I’m going to have to count on the wisdom of Barbra to pull through this one:


“Ooh, life is juicy

Juicy and you see

I gotta have my bite, sir 

Get ready for me love

‘Cause I’m a “comer”

I simply gotta march

My heart’s a drummer

Don’t bring around the cloud to rain on my parade.”


Time to bite something juicy. Start the countdown. 




13 Responses to “Lust for Life”

  1. *the storyteller Says:

    don’t forget my suggestion: late night jazz show @ dizzy’s club (stay till closing time) =)

    best of luck with the challenge!

  2. Fairly good looks (and even better buttocks).

    Hot damn!

    What a waste of 100 days.

  3. Well… I guess you ar giving up the physical aspects of the sexual act. Therefore, I recommend u hit Washington Square Park this weekend for the World Science Festival, where in addition to science demonstrations, perhaps they will be discussing the science of sex. sex for the brain and not the waist


    I suggest you spend one weekend of the 100 days reading this book:
    Commitment and Healing:
    Gay Men and the Need for Romantic Love
    by Richard A. Isay MD

    Psychoanalyst Isay trains a Freudian lens on the difficulty gay men have sustaining serious, long-term romantic partnerships. … they’ve separated sex and love. As adolescents, gay men suffered the rejection of unrequited affection, but most formatively, they sustained emotional damage in childhood from paternal rejection and/or maternal inattentiveness to their feelings or disregard for their need for autonomy. The result is an inability to fall or stay in love, arising from deep-seated anxiety about dependency, lack of self-love and mistrust of another’s love. Isay analyzes dozens of case histories of chronically single gay male patients (he has worked with gay men for more than 30 years), tracing their attachment difficulties to childhood experiences with remote, rejecting or smothering parents. … He voices important emphasis on the happiness found in long-term, loving relationships, but his account remains too basic for mental health professionals and lacks concrete strategies for real sufferers.

  5. SteveMNYC Says:

    Check out the “Cast Party” at the Supper Club on Monday nights. Good, high-quality, unpredictable entertainment – with a few surprise celeb’s from time to time. You never know what you’ll see there!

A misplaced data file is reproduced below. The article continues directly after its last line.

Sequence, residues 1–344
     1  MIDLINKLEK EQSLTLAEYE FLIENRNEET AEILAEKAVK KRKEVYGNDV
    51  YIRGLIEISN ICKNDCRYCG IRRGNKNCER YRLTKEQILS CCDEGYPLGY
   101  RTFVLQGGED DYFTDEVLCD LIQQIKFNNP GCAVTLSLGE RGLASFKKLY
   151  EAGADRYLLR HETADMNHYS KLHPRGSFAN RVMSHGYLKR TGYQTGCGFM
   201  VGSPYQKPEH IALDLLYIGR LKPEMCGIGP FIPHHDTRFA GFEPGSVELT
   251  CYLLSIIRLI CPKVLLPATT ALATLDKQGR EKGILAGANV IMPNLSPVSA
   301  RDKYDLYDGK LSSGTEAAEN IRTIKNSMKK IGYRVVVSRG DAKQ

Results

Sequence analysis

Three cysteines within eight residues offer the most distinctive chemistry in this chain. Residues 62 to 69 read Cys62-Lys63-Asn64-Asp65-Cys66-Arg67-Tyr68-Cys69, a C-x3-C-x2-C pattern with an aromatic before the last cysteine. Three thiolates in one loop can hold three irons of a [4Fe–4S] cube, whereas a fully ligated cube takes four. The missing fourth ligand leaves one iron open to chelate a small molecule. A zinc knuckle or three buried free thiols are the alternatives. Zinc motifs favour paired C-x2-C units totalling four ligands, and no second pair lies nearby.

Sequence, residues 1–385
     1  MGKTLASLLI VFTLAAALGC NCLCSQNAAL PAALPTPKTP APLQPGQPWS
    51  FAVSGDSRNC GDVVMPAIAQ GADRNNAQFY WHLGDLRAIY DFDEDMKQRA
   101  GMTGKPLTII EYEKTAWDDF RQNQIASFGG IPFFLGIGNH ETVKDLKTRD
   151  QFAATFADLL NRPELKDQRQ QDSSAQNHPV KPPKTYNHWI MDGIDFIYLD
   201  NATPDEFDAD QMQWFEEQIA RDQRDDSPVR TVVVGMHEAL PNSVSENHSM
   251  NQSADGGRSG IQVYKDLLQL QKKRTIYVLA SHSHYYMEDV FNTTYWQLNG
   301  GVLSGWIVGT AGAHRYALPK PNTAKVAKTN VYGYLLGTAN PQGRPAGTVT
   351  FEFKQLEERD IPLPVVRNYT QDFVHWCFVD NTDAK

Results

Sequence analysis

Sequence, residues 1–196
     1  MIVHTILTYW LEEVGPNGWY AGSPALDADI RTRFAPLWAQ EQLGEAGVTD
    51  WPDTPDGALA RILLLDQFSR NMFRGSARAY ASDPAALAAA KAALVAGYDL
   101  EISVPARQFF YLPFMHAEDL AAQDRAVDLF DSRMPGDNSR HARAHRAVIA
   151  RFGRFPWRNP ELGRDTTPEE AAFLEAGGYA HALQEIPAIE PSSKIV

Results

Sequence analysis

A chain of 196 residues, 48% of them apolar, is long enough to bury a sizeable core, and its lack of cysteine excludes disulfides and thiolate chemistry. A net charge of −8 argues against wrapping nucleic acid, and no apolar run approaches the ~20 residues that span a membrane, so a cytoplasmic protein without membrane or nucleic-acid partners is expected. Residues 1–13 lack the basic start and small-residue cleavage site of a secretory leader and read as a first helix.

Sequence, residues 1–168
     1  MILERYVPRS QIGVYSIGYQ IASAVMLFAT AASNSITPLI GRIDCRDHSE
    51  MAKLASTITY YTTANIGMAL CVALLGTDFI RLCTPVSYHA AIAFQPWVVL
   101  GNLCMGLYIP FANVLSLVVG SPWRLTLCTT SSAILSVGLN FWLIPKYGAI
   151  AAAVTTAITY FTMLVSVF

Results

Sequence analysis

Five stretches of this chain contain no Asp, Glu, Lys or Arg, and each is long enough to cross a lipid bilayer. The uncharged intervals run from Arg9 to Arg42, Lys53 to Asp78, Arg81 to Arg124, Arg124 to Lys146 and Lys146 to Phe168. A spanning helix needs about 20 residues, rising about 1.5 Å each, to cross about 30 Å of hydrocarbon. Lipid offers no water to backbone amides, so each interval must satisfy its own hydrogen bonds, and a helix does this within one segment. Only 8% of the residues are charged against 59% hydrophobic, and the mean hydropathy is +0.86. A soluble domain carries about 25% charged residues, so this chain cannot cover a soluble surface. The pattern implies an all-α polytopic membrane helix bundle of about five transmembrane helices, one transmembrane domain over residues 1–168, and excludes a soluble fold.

6. If you need an outlet, I’d say something either physical (exercise of the VERTICAL variety) or creative. I’m taking a silkscreening class right now, and, discounting the busy work, its pretty therapeutic. You should think about something along those lines.

  7. Caroline Says:

    I think in lieu of sex you should try sex as exhibition?
    New York City’s Museum Of Sex!

  8. Luv your site, but …
    honestly I cannot support the idea of giving up sex for 100 days, I just can’t.
    I rather suggest the combination of:
    – a nice bike tour along the Hudson River … and sex
    – picknick at Central Park …. and sex
    – swimming at the new Flushing Pool …. and sex
    I will do further research on this … 🙂

  9. Are you kidding me? Penitensiya ito for what?!?! What have you done this time?? It can’t be bad enough to merit this kind of punishment, no!? I’ll buy you a drink on the 100th day… if you last that long!

    What you doing sweetie? I’m moving closer to you in September!

  10. if your 100 days do not start until June 1, 2008 at 12: 01 AM, do you plan to have one wild orgy on May 31 up until 11:59 PM? DO TELL. Is it like a Last Meal for a Condemned Man? How do you choose who to do it with? Are you accepting last moment applications? Check link above

  11. Elle Wang Says:

    Giving up sex doesn’t promise the emotional bond. Why are you doing this to yourself? You just needn’t rush into a physical relationship. Besides, how can you compare leisure to sex? They belong to different categories. They’re simply distractions. Therefore I really can’t be more supportive of this.

    But, if you feel a strong desire to practice your self-restraint, maybe you want to check out Gandhi’s “brahmacharya” as a way to distance yourself from carnal desires and be more “human” as Gandhi put it.

  12. I think its a great idea “V”..what is 100 days anyway? it’ll be over before you know it… Suggestion: go skydiving! –its symbolic don’t you think? LOL

  13. Enjoyed the pilot post and looking forward to reading more. Cheers, Kiddo.